By Siri Gamage –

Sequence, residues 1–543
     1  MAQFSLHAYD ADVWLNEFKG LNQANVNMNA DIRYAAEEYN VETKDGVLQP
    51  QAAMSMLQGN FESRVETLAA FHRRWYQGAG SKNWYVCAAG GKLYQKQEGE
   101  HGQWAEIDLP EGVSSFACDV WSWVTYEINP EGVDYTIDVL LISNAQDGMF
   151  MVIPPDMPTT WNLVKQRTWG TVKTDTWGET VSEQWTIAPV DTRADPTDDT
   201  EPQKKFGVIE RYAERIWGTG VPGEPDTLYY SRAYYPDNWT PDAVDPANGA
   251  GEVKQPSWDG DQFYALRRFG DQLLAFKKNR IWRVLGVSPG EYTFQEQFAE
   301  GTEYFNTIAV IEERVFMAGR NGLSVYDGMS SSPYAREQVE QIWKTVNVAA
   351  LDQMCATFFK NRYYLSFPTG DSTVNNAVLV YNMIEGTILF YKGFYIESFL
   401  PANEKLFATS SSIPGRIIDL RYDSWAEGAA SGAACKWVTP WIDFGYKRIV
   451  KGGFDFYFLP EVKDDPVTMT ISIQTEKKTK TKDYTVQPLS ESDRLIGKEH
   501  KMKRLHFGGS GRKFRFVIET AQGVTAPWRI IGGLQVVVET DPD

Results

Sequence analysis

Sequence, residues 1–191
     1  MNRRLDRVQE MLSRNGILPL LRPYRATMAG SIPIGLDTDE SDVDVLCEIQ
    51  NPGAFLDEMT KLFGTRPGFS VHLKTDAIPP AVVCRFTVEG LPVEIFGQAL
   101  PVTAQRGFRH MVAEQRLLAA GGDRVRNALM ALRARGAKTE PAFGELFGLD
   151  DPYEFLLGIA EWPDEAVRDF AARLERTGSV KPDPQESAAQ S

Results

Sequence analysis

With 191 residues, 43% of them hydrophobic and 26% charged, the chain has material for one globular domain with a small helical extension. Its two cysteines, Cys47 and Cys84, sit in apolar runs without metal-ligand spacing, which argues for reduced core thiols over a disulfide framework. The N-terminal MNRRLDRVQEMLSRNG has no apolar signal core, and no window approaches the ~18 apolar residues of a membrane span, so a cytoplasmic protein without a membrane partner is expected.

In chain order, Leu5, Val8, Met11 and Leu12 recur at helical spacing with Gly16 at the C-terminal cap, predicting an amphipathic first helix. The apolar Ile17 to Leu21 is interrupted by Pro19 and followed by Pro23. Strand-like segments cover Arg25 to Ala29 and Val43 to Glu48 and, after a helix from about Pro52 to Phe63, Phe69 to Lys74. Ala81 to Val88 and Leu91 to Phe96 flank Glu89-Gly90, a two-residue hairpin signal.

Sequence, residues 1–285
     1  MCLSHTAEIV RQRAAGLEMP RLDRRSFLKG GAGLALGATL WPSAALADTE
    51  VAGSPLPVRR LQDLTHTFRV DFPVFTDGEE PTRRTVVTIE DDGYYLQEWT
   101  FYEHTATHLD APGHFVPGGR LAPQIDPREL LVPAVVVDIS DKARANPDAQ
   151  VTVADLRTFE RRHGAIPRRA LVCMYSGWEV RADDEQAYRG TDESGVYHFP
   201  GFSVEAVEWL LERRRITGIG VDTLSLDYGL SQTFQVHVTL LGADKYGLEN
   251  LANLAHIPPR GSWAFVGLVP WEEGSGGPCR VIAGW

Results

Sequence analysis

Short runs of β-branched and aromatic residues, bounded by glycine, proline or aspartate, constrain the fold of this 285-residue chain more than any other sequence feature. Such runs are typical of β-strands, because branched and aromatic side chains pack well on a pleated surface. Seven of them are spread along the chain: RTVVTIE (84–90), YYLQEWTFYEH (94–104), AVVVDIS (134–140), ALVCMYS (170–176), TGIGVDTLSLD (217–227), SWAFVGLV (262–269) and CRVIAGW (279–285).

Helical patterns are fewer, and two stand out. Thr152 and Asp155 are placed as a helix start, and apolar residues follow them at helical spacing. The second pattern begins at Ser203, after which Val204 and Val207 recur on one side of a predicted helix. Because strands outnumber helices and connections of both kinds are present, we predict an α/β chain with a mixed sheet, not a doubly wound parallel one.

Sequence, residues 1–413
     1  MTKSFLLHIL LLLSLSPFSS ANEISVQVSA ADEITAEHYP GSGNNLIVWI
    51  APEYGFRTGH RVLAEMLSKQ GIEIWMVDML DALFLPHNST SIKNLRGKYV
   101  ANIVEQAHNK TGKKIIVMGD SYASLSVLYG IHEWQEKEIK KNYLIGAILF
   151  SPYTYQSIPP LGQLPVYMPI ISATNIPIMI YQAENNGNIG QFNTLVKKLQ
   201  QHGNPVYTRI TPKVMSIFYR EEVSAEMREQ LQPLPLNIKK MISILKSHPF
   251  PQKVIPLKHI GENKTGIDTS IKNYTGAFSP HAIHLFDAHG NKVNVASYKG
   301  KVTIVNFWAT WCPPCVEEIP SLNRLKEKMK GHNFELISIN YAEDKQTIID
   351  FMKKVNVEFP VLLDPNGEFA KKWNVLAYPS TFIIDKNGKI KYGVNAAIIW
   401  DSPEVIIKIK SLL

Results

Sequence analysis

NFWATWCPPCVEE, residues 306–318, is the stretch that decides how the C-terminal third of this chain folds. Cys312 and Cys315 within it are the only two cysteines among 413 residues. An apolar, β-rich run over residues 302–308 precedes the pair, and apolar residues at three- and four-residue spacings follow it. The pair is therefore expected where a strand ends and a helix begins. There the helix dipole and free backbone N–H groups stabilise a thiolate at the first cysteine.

Sri Lankans and those watching from outside are observing a crisis situation in Sri Lanka due to the instability caused by government’s failure to effectively manage the economic crisis facing the country since the beginning of this year. Popular protests called aragalaya (Struggle) involving diverse layers of society emerged as a result. Aragalaya driven by youth leaders and backed by civil society organisations, religious leaders, professional associations artists and indeed the trade union organisations is ‘a transformational force’ seeking change in the political, bureaucratic, law enforcement and justice, institutional and economic system. It has been developed out of the adverse experiences over the last decades in the country with governments that have not been responsive to the people’s needs and aspirations at the bottom of status hierarchies. Its leaders have developed a grounded and analytical reading about the particular causes and consequences of the country’s governance and management culture, style, process, leadership, parties over the previous 70 odd years as well as what needs to happen for a better Sri Lanka in the short and long term. Gall Face Gota Go Gama provided a symbolic venue and a focal point to gather diverse forces and activists.